Source: Institute for Energy Economics and Financial Analysis
New Mexico’s largest electric utility on Monday submitted to state regulators its plan for shutting down the coal-fired San Juan Generating Station, replacing the lost power and pricing the cost to customers.
The filing with the Public Regulation Commission comes as a new state law dictates more aggressive renewable energy requirements while allowing Public Service Co. of New Mexico to recoup from customers some of the expenses.
The application for abandonment of the plant and the building of replacement power includes the utility’s preferred option, which it describes as the most cost-effective plan, as well as three alternatives. The costs range from nearly $4.7 billion to more than $5.4 billion, but utility executives say residential customers would end up saving about $7 a month in the first year after the plant closes under its preferred proposal. They couldn’t say what, if any, savings customers would see after that given fluctuations in the costs related to producing electricity.
The preferred option includes a mix of natural gas-fired power plants, solar and wind farms and new battery storage facilities.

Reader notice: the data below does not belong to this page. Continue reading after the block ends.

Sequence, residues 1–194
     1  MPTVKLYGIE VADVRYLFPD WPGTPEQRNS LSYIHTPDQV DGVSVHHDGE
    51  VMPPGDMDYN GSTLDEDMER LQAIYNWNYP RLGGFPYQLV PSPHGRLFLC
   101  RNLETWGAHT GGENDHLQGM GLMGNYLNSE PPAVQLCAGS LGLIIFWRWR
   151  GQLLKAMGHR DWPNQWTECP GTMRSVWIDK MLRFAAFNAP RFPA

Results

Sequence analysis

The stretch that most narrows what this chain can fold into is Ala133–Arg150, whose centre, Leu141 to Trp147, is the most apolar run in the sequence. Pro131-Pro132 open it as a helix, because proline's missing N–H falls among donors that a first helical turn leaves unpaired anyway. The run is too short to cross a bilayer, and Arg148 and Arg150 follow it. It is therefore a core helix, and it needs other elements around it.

Under the state’s new landmark energy law, investor-owned utilities and rural electric cooperatives are required to get at least half of their electricity from renewable sources by 2030. That would jump to 80% by 2040. A 100% carbon-free mandate would kick in five years later for utilities. Electric co-ops would have until 2050 to meet that goal.
As part of the energy transition law, Public Service Co. of New Mexico and other owners of San Juan can recover investments in the coal-fired plant by selling bonds that are later paid off by utility customers. The law also calls for setting aside millions of dollars in job training funds to ease the economic effects of shuttering the plant and the adjacent coal mine.